Secure the checkpoints. Close the borders. Keep all Muslims out. Is anyone surprised to hear such calls from Donald Trump? The unspeakable horrors of the terrorist bombings today in Brussels strikes fear in all our hearts.
We’re coming up on the third anniversary of the Boston Marathon bombing. In Greater Boston, we know the chaos and tragedy that come with such devastating nihilistic aggression. For the families of the victims who died and for the scores of victims who live with maimed bodies or PTSD, that act of terrorism goes on to this day. So, too, with those affected by San Bernadino and other terrorist attacks.
Dutch Party for Freedom leader Geert Wilders decried this morning what he says are thousands of Europeans who went to Syria to fight with ISIS and returned to European nations to plot and foment trouble. Others have hidden among asylum seekers relocating to Germany, France and elsewhere in Europe. His numbers may be off, but even a fraction of those do mean potential danger for Western nations. Belgian Moroccan Salah Abdeslam, the last of the Parisian terrorists in custody, captured days ago, had traveled freely in Europe. One doesn’t have to be a right-wing hysteric to wonder if the open internal borders of the European Union’s Schengen Agreement may soon become a relic of a more optimistic past. The fallout from this has just begun and could include the demise of the recent EU/Turkish agreement on immigration as well as the British vote on leaving the EU.
Was this attack an act of revenge for Abdeslam’s capture or an acceleration of plans once his attorney appeared to signal he was cooperating with authorities? It certainly establishes (as if it were ever in doubt) that you can rid the world of the head of a terrorist network, but, like the hydra, new heads will regenerate.
Soft targets, where crowds gather in public places, have always been vulnerable. This goes back at least to 1985 when the Abu Nidal Palestinian terrorist organization attacked ticket desks in Rome and Vienna. Airline ticket desks were attacked in Los Angeles in 2002 and Moscow in 2011. Now comes today’s attack at the American Airlines ticket desk in Brussels, clearly a symbolic target with the goal of killing Americans.
This morning, in a statement that echoes Donald Trump, Wilders, one of Europe’s most virulent anti-immigration leaders, declared “The cause of all this bloodshed is Islam. We need to de-Islamize the West. That is the only way to safeguard our lives and protect our freedom.”
Peaceful Muslims worldwide are right to be fearful of the emotions that vitriolic leaders can exacerbate. Too often, the news media fan the flames. Today, American media dutifully rushed to question Trump about border closings, barring Muslims and using torture to get information out of captives like Abdeslam, whipping up still more anxiety in the process. But we all need to be fearful of over-reaction. There’s a pressing need for international collaboration – including Muslim cooperation – and a recallibrated anti-ISIS strategy. We must have level-headed leaders who, buoyed by vigorous intelligence gathering, can determine the most effective way of striking the ISIS asp and killing it.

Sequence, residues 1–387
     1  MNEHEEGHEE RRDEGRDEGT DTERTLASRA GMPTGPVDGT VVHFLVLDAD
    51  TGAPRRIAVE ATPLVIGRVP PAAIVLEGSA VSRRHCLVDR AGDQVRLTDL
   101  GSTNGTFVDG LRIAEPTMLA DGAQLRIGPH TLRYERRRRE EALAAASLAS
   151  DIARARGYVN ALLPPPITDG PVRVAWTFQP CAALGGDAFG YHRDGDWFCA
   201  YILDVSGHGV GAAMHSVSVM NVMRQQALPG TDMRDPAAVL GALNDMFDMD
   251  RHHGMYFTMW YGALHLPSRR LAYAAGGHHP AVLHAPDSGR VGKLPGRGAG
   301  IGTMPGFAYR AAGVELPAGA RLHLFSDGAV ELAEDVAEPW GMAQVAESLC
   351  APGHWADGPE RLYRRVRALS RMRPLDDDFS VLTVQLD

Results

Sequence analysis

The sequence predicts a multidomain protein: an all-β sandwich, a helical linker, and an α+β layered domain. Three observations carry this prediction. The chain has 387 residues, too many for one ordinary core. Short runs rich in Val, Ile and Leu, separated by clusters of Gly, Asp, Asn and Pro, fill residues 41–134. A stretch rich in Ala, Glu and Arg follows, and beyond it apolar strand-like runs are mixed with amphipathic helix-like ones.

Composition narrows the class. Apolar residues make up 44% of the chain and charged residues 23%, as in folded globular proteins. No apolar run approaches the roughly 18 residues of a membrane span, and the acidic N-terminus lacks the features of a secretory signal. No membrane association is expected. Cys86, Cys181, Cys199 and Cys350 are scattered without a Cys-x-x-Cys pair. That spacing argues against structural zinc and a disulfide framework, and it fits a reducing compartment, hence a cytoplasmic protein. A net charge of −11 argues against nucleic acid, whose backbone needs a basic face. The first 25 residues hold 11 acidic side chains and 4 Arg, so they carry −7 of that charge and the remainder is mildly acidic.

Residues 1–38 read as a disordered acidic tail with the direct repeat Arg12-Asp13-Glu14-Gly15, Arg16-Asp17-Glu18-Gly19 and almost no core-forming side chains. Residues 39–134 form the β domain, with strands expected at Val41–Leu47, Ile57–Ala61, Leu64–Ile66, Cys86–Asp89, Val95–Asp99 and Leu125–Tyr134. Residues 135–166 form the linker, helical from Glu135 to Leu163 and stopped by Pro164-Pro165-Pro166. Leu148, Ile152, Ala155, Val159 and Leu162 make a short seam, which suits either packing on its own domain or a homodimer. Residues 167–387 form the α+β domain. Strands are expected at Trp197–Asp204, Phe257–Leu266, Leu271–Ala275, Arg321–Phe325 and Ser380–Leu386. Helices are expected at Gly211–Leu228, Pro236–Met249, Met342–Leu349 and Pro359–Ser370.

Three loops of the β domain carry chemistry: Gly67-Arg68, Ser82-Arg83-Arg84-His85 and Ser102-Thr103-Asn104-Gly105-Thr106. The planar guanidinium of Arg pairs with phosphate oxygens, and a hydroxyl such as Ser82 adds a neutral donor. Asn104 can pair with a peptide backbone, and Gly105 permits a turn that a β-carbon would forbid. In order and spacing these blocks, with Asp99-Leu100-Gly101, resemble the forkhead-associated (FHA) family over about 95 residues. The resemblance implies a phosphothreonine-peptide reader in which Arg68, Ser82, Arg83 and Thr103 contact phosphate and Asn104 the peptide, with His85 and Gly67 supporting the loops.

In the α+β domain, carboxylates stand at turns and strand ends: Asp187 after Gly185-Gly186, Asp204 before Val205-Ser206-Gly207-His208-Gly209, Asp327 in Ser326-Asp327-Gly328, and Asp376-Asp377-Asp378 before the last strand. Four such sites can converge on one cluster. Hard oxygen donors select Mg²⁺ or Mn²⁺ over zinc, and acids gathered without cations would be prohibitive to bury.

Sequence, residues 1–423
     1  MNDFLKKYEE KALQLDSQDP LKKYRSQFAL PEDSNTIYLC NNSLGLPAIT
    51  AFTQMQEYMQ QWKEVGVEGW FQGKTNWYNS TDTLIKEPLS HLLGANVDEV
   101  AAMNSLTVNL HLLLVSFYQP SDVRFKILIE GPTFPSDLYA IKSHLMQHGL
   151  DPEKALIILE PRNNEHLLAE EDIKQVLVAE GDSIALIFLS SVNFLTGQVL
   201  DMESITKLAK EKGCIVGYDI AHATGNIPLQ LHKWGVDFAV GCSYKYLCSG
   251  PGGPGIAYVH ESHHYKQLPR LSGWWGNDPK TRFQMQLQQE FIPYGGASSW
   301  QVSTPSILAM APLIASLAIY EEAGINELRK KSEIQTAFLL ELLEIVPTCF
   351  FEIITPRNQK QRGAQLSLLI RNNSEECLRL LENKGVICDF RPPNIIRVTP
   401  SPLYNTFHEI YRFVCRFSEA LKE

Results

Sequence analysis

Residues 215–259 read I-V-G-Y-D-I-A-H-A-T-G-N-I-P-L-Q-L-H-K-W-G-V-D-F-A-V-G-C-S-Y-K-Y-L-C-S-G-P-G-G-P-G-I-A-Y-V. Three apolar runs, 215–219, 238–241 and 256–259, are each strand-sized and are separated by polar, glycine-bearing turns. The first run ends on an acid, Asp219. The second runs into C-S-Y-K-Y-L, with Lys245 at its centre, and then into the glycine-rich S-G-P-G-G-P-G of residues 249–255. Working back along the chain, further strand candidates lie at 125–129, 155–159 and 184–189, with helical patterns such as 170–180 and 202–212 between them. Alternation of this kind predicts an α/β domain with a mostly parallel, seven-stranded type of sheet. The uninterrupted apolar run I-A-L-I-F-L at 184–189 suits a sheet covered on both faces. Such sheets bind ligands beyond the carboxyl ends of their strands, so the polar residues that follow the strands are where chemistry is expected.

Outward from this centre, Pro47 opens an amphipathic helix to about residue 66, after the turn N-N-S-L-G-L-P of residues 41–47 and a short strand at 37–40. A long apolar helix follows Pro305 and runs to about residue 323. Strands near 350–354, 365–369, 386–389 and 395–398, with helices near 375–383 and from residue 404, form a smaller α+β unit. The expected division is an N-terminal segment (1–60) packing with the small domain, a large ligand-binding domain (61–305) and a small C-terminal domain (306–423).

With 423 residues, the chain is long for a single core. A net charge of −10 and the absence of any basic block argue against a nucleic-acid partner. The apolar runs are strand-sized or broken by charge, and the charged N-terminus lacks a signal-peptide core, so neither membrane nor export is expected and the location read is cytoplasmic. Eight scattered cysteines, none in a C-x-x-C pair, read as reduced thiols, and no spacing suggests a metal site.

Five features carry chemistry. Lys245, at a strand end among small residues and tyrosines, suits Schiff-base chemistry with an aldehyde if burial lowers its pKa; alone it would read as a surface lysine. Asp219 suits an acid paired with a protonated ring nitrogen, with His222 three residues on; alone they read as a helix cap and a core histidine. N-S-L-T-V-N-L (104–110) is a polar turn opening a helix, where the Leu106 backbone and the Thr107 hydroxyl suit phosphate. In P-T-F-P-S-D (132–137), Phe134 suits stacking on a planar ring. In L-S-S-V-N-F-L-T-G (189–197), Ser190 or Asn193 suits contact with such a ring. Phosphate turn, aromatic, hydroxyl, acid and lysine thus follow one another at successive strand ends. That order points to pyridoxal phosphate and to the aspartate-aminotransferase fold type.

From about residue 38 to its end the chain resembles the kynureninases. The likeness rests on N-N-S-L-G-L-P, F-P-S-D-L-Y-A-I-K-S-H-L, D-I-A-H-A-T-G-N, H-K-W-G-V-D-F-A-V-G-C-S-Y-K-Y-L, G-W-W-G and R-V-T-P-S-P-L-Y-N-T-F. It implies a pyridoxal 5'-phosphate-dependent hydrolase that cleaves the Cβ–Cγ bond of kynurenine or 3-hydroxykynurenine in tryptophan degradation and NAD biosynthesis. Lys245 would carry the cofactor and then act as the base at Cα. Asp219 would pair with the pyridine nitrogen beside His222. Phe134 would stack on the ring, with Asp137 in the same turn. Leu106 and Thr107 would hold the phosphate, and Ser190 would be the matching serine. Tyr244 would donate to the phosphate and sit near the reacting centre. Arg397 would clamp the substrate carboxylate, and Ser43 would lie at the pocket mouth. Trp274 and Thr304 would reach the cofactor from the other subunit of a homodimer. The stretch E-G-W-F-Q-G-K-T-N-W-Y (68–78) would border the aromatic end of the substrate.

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6 thoughts on “Brussels attack plays into Trump”
We must terrorize the terrorists: for each victim of their attacks, we randomly deport 10,000 Muslims to Saudi Arabia, Qatar, and other wonderful financiers and allies of international terrorism. When Muslims will be shit scared of being the next one to win the lottery, maybe they will start thinking of policing themselves and single out their fellow next door living terrorists.
I wonder if Trump had been in charge of the interrogation of Salah Abdeslam whether the terrorist acts in Brussels could’ve been prevented?
If European countries start actually taking border security more seriously, or if the EU/Turkish agreement breaks down, or if the UK leaves the EU (highly justified for a myriad of other reasons), it doesn’t follow that peaceful Muslims worldwide should be fearful. It’s astute to declare that a “recalibrated” anti-ISIS strategy is warranted. Part of that recalibration should mean better security, even if it’s at the expense of some previously optimistic agreements.
How is it we rarely if at all hear from this peaceful Muslims? Shouldn’t they be more vocal in opposition to this carnage?
I think if we saw more evidence of Muslim cooperation it would make things better all around. Unfortunately, the hierarchy of the Muslim population remains deafeningly silent.
You have fabulously described the only resolution to this world problem. If people gained knowledge to understand the Underlying reasoning of ISIS and its current proliferation-they would realize this is not a conventional enemy we have declared war upon. Sadly we in part kicked the hornets nest.
We simply need to put terrorist on high priorty and ratchet up intel. Roqqa I need to become informed of but it seems to be ISIS HQs.Lets make an intelligent well informed plan as opposed to senseless hysteria